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3.8 out of 5 stars
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3.8 out of 5 stars
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on 29 March 2012
This book is different to many others on the subject of human emotion. Books on this subject tend to be either motivational self-help, or purely sedate scientific affairs. This book succeeds in combining many of these elements, while remaining an enjoyable read.

The book pulls off this feat by combining the efforts of a popular-science writer, Sharon Begley, with those of a leading pioneer of neuroscience, Richard Davidson. This gives the book both its irresistibly lucid style of writing, while maintaining impeccable scientific credibility. At the same time, the book reads as if it were written by a single author, frequently referring to himself in first-person narratives: "My thirty years of research in effective neuroscience has produced hundreds of findings..." This simplifies matters greatly, making it easy to relate to Davidson, and maintains the momentum and thrust of his ideas.

The book steers away from any hint of affected suspense, and sets out early on the six dimensions of what it calls "Emotional Style" and relates them to other established classification systems, such as the "Big Five" personality traits (openness, extraversion, agreeableness and neuroticism) and commonly perceived personality traits (impulsive, patient, shy, anxious, grumpy)

After a brief overview, Davidson sets off by telling the story of how the scientific landscape looked back in the 70s, leading to the period when he first embarked on the academic study of emotions. Davidson then progresses on to how he went about his investigations, based on observations ranging from monitoring the subjects' heart rates, to fMRI brain scans. This helps to establish the book's scientific authority, and reassures the reader of the merits of the contents which follow.

As most readers will not have access to brain electrodes - let alone MRI scanning equipment - Davidson offers the next best thing in the form of simple questionnaires which the reader can use to self-evaluate each dimension of "Emotional Style" by answering True or False to a set of 10 questions in each questionnaire. These are simple and fun to do, and the scoring system is straightforward too.

Whether the outcome this evaluation merely confirms what you had always suspected, or come as a complete surprise, the good news is Davidson is convinced that it is possible for you to change your emotional style if you wished to do so. Davidson makes a point of saying very clearly that there are no rights or wrongs when it comes to emotional style, nor is there a pinnacle or an ideal as such. Nevertheless, if you feel you would benefit from altering your style along one or more of the individual six dimensions, Davidson offers practical methods and exercises which you can follow to bring about, in time, the changes you desire.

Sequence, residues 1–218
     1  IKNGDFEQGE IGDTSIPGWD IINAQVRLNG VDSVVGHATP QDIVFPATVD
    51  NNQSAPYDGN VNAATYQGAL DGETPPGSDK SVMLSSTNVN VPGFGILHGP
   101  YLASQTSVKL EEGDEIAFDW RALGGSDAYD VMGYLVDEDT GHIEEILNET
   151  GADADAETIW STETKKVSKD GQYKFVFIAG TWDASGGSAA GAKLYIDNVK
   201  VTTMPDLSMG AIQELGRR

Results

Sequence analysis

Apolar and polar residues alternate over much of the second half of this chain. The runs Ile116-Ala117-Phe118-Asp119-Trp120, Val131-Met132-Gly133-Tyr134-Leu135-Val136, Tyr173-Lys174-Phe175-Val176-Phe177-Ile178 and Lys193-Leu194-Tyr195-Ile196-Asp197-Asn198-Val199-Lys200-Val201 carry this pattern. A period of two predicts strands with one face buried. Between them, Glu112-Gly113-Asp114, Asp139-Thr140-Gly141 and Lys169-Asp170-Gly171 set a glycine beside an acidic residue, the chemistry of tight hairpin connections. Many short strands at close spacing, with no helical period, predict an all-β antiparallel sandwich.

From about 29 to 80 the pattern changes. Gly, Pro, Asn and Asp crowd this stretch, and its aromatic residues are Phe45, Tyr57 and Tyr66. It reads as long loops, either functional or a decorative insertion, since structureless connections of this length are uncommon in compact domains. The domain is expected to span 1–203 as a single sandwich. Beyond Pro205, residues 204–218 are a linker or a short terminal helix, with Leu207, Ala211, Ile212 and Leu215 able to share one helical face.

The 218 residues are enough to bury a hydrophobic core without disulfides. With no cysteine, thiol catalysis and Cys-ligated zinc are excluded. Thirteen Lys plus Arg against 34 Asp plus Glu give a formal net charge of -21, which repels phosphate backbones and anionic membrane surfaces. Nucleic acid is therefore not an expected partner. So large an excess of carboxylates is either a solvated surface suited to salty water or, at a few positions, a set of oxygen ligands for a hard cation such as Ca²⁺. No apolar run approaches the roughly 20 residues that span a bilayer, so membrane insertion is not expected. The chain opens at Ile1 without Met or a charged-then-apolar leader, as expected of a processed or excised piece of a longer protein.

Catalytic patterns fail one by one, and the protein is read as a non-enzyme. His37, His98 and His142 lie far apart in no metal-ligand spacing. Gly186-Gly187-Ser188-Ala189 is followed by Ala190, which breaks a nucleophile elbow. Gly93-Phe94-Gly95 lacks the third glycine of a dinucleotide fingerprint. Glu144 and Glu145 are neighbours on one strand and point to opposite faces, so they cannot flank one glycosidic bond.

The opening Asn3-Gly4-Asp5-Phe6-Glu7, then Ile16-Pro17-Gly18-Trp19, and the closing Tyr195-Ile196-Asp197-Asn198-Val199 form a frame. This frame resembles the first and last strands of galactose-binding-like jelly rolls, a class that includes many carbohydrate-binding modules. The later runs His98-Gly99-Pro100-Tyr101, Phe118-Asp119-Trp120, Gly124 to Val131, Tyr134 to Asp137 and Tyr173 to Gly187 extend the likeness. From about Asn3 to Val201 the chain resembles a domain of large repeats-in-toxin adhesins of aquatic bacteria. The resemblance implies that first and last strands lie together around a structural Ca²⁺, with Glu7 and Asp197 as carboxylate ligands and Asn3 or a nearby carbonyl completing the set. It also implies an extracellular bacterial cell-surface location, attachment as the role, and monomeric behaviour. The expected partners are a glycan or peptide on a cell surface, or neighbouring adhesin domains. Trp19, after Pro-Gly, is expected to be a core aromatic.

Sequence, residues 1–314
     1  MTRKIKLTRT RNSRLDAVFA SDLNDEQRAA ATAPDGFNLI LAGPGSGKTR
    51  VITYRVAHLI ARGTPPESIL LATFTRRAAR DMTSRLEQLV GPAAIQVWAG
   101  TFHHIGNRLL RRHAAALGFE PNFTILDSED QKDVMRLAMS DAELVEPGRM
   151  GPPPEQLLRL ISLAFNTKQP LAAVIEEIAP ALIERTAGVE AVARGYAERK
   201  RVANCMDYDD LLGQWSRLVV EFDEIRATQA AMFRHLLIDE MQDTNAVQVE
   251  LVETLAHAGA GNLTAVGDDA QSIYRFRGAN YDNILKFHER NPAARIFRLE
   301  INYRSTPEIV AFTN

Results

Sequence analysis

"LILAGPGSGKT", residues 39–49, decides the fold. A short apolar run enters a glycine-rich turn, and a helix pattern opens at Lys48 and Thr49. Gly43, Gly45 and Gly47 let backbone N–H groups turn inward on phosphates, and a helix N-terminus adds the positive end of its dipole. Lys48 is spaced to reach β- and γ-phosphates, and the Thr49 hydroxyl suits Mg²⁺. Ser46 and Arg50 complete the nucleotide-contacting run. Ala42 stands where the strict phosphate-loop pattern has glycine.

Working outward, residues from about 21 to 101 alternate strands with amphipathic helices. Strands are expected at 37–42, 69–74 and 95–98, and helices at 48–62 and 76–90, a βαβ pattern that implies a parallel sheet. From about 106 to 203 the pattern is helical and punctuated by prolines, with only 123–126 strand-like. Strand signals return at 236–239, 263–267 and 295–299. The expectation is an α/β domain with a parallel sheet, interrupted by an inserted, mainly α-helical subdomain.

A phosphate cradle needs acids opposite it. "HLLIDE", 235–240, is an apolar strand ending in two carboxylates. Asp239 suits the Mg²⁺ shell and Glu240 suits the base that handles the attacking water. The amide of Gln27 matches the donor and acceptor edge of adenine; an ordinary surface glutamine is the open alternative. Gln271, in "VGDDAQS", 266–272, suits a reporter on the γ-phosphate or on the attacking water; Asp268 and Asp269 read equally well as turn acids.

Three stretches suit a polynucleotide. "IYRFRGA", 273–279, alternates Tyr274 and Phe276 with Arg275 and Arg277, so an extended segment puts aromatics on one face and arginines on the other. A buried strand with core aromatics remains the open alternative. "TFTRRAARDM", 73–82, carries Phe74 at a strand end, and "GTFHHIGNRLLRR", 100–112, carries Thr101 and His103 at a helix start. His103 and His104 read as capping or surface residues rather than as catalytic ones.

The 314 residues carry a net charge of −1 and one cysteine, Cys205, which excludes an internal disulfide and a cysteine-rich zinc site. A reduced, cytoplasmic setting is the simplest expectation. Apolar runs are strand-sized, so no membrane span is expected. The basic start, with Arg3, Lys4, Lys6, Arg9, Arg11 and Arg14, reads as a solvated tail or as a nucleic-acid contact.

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on 5 June 2012
This is a really good read in that it shows scientific evidence for things which until now you could only hope were true.

The book explains you can change your brain and I was encouraged to know there are things you can do to alter the way you approach things.

However, the big problem with it is, it's all about the research with just the last chapter telling you how to work on your brain.

We know the author is a scientist and I for one would trust his research to be robust but I didn't need to know all the ups and downs along the way.

I wanted to know more about how to use what he has uncovered.

Most advice of this kind is from gurus and people who appoint themselves as experts, when in reality they are just out to make money from books, talks, therapies and health spas. If a scientist was to offer really worthwhile help, it would top anything already out there.

If Richard Davidson produced a follow up in which the balance of research to self-help advice was the other way round it would be a must read.
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on 2 May 2012
Early in my life, I was very comfortable with the more esoteric end of studying emotion and intuitively, have known for many years that the practices of meditation, mindfulness and positive thinking just 'feel' good. However, in the last decade or so, I have become increasingly interested in to what extent so-called 'hard' scientific research could shed light on my instincts and either disprove or prove any.